When you do a search, you can sort the results bibliographically alphabetical or by “rank”. What is Rank?
Rank refers to the search engine’s “best guess” as to the relevance of the result to the search you specified. The exact method of ranking used varies a bit depending on the search. In its most basic level, when you specify a single search term, rank looks at the density of the matches for the word in the document, and how close to the beginning of the document they appear as a measure of importance to the paper’s topic. The documents with the most matches and where the term is deemed to have the most importance, have the highest “relevance” and are ranked first (presented first).
When you specify more than one term to appear anywhere in the article, the method is similar, but the search engine looks at how many of those terms appear, and how close together they appear, how close to the beginning of the document, and can even take into account the relative rarity of the search terms and their density in the retrieved file, where infrequent terms count more heavily than common terms.
To see a simple example of this, search for the words (not the phrase, so no quotes):
Look at the density of matches in each document on the first page of the hits. Then go to the last page of matched documents, and observe the density of matches within the documents.
A more complex search illustrates this nicely with a single page and only 15 matches:
counter*tr* w/25 “liv* out” w/25 enact*
There are a lot of word forms and variants of the words (due to the * wildcards) above that can match, but the proximity (w/25) clause limits the potential for matching. What’s interesting here though is how easily you can see the match density decrease as you view down the short list.
The end result of selecting order by rank is that the search engine’s best “guess” as to which articles are more relevant appear higher on the list than less relevant articles.
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Branley, D. Coleman, L. (2016). The Trial, by Franz Kafka, adapted by Nick Gill, directed by Richard Jones, Young Vic, London, 19 July-22 August, 2015. Cpl. Fam. Psychoanal., 6(1):122-125.
(2016). Couple and Family Psychoanalysis, 6(1):122-125
The Trial, by Franz Kafka, adapted by Nick Gill, directed by Richard Jones, Young Vic, London, 19 July-22 August, 2015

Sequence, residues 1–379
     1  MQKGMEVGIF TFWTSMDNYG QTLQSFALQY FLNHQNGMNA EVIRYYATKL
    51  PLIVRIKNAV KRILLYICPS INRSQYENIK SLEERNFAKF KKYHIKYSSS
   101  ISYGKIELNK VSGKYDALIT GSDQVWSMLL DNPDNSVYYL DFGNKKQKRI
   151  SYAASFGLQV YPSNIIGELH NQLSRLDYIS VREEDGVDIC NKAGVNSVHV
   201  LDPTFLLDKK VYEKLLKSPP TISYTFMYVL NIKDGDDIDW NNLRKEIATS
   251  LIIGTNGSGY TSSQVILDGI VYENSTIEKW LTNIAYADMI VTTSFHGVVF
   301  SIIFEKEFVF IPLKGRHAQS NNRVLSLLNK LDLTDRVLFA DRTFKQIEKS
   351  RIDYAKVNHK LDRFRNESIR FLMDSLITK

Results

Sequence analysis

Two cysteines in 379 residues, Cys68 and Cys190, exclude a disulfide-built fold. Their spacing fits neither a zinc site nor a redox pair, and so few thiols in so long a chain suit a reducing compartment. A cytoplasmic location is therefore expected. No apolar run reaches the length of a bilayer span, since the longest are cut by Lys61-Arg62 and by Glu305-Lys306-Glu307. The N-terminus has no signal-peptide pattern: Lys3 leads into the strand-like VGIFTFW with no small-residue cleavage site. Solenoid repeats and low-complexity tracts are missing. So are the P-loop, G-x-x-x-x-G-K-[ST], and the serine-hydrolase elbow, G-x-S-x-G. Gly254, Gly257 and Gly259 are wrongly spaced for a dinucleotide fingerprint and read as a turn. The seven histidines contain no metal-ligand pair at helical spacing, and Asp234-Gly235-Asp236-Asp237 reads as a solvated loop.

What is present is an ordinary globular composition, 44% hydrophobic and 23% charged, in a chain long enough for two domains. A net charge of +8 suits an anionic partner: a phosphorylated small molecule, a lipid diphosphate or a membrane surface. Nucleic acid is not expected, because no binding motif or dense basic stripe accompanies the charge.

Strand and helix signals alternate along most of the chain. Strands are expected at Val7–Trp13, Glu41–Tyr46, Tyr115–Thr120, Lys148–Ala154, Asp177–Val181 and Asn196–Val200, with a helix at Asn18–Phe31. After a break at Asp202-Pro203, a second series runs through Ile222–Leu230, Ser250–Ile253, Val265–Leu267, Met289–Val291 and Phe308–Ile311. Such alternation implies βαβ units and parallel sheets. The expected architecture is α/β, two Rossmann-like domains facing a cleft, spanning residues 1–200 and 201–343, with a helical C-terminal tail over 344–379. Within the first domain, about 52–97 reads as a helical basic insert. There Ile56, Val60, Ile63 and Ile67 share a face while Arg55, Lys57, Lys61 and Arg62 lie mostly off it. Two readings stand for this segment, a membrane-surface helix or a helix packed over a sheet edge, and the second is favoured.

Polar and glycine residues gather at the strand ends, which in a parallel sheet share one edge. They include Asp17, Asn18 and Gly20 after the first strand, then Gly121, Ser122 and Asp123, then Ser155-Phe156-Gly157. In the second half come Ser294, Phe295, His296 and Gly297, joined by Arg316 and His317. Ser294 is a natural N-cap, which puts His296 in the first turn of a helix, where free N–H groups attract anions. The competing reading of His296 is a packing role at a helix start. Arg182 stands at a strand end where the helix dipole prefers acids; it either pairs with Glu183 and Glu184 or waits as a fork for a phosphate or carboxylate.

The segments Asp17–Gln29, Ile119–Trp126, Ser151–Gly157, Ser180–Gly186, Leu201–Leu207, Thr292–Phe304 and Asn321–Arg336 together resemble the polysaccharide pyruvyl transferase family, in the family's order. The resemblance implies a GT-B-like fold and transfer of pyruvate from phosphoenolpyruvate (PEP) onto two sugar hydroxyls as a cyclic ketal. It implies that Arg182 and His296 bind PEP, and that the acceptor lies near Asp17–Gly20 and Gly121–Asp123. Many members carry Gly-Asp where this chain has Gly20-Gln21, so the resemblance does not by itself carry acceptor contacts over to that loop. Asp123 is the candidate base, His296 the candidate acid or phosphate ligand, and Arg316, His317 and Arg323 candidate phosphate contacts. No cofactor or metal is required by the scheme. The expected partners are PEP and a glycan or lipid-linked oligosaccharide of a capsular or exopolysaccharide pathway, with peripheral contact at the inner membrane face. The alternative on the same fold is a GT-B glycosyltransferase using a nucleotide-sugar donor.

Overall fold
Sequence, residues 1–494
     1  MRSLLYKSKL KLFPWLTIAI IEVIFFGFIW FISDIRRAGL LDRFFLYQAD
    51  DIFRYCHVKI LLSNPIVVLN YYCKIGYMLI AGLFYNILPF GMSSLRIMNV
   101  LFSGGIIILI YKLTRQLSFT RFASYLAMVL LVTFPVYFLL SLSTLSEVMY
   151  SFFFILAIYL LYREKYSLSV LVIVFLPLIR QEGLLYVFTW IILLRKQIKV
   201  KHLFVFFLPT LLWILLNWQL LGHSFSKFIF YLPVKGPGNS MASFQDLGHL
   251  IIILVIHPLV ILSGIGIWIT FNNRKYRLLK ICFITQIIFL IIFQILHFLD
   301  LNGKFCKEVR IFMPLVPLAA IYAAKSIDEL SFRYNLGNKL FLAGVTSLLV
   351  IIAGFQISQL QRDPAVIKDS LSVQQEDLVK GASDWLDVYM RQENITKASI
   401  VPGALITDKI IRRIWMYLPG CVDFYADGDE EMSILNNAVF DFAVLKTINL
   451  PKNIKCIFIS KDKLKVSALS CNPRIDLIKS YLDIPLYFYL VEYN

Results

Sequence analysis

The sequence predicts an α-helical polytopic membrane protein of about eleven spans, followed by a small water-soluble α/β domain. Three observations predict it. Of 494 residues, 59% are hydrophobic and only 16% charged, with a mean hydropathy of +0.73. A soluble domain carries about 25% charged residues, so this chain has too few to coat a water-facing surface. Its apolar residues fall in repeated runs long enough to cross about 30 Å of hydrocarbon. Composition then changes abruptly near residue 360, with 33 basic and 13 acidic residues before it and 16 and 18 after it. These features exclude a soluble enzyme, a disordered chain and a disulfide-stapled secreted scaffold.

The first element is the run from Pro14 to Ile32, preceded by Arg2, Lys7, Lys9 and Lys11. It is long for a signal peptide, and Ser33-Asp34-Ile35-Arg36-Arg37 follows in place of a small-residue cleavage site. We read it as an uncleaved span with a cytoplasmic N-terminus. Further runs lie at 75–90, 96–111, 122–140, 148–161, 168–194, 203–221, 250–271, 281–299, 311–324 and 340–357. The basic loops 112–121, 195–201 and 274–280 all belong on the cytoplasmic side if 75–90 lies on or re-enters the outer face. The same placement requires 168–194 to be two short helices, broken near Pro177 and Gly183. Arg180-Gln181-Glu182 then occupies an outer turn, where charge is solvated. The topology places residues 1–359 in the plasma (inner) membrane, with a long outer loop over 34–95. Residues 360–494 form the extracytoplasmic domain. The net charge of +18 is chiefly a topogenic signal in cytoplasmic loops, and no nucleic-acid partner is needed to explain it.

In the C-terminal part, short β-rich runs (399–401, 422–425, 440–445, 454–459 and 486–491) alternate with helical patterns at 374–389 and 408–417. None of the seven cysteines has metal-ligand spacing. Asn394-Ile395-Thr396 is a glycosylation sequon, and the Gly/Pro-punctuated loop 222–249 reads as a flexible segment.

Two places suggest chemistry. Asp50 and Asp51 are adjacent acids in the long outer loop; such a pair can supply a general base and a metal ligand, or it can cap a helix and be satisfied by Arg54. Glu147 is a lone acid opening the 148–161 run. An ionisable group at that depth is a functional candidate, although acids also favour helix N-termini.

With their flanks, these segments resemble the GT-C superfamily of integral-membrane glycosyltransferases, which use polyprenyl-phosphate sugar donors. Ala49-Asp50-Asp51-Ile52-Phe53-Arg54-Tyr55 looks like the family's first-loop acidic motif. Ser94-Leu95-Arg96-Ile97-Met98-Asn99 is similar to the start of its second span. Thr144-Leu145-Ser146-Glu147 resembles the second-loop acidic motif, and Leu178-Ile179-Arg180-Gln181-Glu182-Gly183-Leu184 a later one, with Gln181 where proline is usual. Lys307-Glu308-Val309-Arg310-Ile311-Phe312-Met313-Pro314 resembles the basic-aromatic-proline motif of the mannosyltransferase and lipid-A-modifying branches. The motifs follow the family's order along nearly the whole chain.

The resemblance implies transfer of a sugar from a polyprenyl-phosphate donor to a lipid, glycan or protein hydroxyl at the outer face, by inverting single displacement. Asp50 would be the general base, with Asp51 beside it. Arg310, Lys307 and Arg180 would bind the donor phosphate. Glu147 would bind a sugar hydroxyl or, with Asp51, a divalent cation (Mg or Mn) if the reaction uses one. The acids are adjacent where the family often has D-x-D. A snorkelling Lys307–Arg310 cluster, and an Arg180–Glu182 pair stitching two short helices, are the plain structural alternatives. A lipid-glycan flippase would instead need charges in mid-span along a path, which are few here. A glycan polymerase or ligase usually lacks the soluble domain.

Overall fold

Review by: Duncan Branley, M.A., MSc, FHEA
“sure no guilt if no one hurt?”
(Kafka, ad. Gill, 2015, p. 61)
“Kafkaesque” is a common expression of baffled exasperation and powerlessness when caught up in incomprehensible bureaucratic systems. Franz Kafka's The Trial, written in 1914, but not published until 1925, has exercised critics from the world of politics, philosophy, literature, and psychoanalysis. It has been seen as a comment on the challenges of living under an all-encompassing, incomprehensible, judicial system. Most of Kafka's work describes a world where something strange and extraordinary suddenly irrupts into ordinary life, and The Trial exemplifies this with horrible power. The protagonist, Josef K, wakes one morning to find himself arrested, though not detained, for an unarticulated crime, and becomes engaged in an increasingly nightmarish struggle to prove himself not guilty. The potential for psychoanalytic examination and interpretation is clear.
But can an intrapsychic nightmare be successfully portrayed in the theatre? Is it possible to show the tortured workings of a young man's inner world effectively on the stage for over an hour and a half? The novel was never finalised by Kafka and was assembled and published posthumously by Kafka's friend, Max Brod. Since there is no “definitive” author-sanctioned version, there is more leeway for creative interpretation and there have been several adaptations for stage and film. Nick Gill's adaptation and Richard Jones' direction for The Young Vic continued this tradition.
We (this review's authors) found ourselves attending the same performance. Discussing it later we wondered whether we were intrigued by the interpersonal, sexual aspects of the play precisely because we are therapists.
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